“How many partners have you had in the past month?” she asked.
A poster on the wall listed the effectiveness of various birth contraceptives, ranking them with gold stars. Condoms, male or female: one gold star. Diaphragms: three gold stars. Pulling out: no gold stars. A crude drawing of a hand with crossed fingers represented just how few stars the pulling-out method deserved.
“Like, boyfriends? Or intercourse?” I don’t know why I asked for the clarification. The answer would have been the same either way. None. I hadn’t had sex in months.
“Intercourse,” she said. “How many partners have you slept with in the last couple of weeks?”
I hesitated. If I answered none, would she think I didn’t need PrEP and take me off the medication entirely? I hadn’t been sexually active lately, but what if I met someone? Would a condom be enough to protect me? The poster in the room said it was a one-star contraceptive.
“Two partners,” I blurted out, figuring that was better than nothing.
She wrote the number in my chart.
“Did you use protection?”
“Yes,” I answered.
“And did you pay either of them money in exchange for sex?”
“Okay.” She took a deep breath and giggled as if she were about to ask for my autograph. “I’m sorry, but I have to ask. You didn’t meet either of your partners online or anything, right?”
“No,” I said again.
She lowered her pen to my chart once more, muttering “Didn’t meet partners online” under her breath, then added, “Good, good.”
All of this was standard protocol. Part of the agreement we made that I would meet with her every few weeks to recount my latest sexual activity and check for liver damage—a potential side-effect of the drug. It took two weeks for the antiviral to reach a high-enough level to fight HIV, and about two more for the nausea and nightmares to disappear. With my first month behind me, it was time for her to hold up her end of the bargain—another bottle of PrEP.
“You doing all right?” she asked.
“I’m doing all right,” I told her.
I would be, once she handed me my permission slip to go off and have fearless sex. We sat quietly as my prescription printed line by line.
Before I could read what was on it, she folded the paper in half and pressed it into my palm. It wasn’t until I made it home twenty minutes later that I opened it. My first thought was that there’d been a mistake, that I’d gotten someone else’s diagnosis.
Dispense to Edgar Gomez
Twenty-Five Years Old
There was my name. That was my age. But “high-risk homosexual”?
According to the fake sexual history I’d given her, I’d slept with just two men in a whole month. Men I’d supposedly met in person, not in seedy parks or truck-stop bathroom stalls or wherever else “risky” people hooked up. I didn’t pay. I used imaginary condoms and everything.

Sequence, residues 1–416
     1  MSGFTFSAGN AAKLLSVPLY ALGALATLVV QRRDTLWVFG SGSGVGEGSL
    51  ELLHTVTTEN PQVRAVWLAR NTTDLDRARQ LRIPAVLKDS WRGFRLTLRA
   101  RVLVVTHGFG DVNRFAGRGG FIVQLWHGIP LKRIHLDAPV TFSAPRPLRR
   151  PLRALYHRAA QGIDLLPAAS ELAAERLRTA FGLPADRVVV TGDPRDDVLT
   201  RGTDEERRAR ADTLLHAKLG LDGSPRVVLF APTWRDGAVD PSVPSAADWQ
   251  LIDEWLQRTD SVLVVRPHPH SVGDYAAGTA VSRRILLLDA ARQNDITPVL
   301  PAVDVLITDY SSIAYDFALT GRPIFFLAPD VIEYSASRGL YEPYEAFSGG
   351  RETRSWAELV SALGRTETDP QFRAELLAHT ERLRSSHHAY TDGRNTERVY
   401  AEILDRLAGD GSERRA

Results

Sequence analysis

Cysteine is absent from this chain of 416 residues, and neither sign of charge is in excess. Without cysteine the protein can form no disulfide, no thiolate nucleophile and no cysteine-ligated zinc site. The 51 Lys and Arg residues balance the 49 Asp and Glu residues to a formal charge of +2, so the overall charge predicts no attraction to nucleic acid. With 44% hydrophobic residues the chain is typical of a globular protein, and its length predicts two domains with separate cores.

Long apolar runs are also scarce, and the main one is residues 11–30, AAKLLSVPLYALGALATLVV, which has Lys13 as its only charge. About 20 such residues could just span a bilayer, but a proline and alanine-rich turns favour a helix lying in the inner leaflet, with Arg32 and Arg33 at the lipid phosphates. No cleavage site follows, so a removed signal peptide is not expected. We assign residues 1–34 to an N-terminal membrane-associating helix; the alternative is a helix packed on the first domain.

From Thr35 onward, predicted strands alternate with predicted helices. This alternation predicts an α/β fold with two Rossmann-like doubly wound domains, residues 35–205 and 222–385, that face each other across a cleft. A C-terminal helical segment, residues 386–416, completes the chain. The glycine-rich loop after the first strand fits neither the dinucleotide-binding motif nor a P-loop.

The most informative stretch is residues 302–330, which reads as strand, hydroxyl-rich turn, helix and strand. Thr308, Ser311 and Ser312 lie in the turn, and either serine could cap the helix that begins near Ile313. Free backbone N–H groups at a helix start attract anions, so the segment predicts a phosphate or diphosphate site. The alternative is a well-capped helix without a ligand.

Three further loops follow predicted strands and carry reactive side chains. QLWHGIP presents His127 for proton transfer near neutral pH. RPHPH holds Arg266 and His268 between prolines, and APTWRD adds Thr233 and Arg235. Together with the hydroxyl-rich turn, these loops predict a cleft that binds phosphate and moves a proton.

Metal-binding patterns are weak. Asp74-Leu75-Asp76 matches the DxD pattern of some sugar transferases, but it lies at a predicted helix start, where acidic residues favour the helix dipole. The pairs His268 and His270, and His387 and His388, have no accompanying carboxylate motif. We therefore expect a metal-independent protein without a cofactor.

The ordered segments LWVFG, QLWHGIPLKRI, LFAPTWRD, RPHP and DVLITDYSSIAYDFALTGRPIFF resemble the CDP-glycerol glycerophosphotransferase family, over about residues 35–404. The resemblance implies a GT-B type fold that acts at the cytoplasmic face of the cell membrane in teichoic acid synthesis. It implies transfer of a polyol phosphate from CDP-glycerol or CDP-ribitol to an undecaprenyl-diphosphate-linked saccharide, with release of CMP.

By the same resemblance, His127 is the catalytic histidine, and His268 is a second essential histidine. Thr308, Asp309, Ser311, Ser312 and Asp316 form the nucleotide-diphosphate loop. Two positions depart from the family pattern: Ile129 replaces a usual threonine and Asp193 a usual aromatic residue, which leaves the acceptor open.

What about any of that made me a high-risk homosexual?
I dug through my desk drawers looking for my original prescription. There I found myself again, buried under loose paper clips. Edgar Gomez. High-risk homosexual. So there wasn’t a mistake. She meant it. How hadn’t I noticed that before? I must have been so thrilled to qualify for PrEP on my initial consult that I didn’t bother to read the fine print.
Sitting alone in my bedroom, suddenly I felt exactly as I did in high school the day that I went to my guidance counselor’s office to discuss college. I’d gone into the meeting figuring we’d talk about my strong SAT scores or the several college-level courses I’d taken. We did briefly, but then the conversation turned to financial aid, and my counselor began listing all the different scholarships available to me: for being gay, for being the first generation in my family to be born in the United States, for living in a single-parent household. I was grateful there was money out there, but I couldn’t help resenting what I believed I had to do to accept it, which was to take those things I’d slowly begun to take pride in—my queerness, my family’s migration—and claim they’d put me at a disadvantage. In many ways they did, but I wasn’t ready to admit that. It seemed cruel, after all the work I’d put into loving myself, that the final step left between me and going to college was writing several five-hundred-word personal essays about how much my life sucked.
Though I hated being reduced to a narrative of victimhood, my counselor wasn’t wrong to assume I needed help. The truth was that I couldn’t have afforded to go without aid, so I put my pride aside and applied. And it was this same truth that I was learning again years later: my story wasn’t just mine; who I was resided somewhere between how I saw myself and how everyone else—my counselor, the organizers of those scholarships, Dr. Chen—did.
No, I didn’t think I was high-risk, yet at the same time: Could I afford to say I wasn’t?
From High-Risk Homosexual by Edgar Gomez. Used with permission of Soft Skull Press. Copyright © 2022 by Edgar Gomez.